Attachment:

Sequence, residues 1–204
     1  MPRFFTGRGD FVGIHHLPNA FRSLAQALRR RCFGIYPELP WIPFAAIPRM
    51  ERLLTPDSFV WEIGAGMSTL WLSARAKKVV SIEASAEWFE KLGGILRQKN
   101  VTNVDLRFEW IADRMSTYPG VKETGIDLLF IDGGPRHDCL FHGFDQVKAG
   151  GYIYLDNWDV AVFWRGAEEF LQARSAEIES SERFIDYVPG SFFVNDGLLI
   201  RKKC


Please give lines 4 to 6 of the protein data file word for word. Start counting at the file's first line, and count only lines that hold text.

   101  VTNVDLRFEW IADRMSTYPG VKETGIDLLF IDGGPRHDCL FHGFDQVKAG
   151  GYIYLDNWDV AVFWRGAEEF LQARSAEIES SERFIDYVPG SFFVNDGLLI
   201  RKKC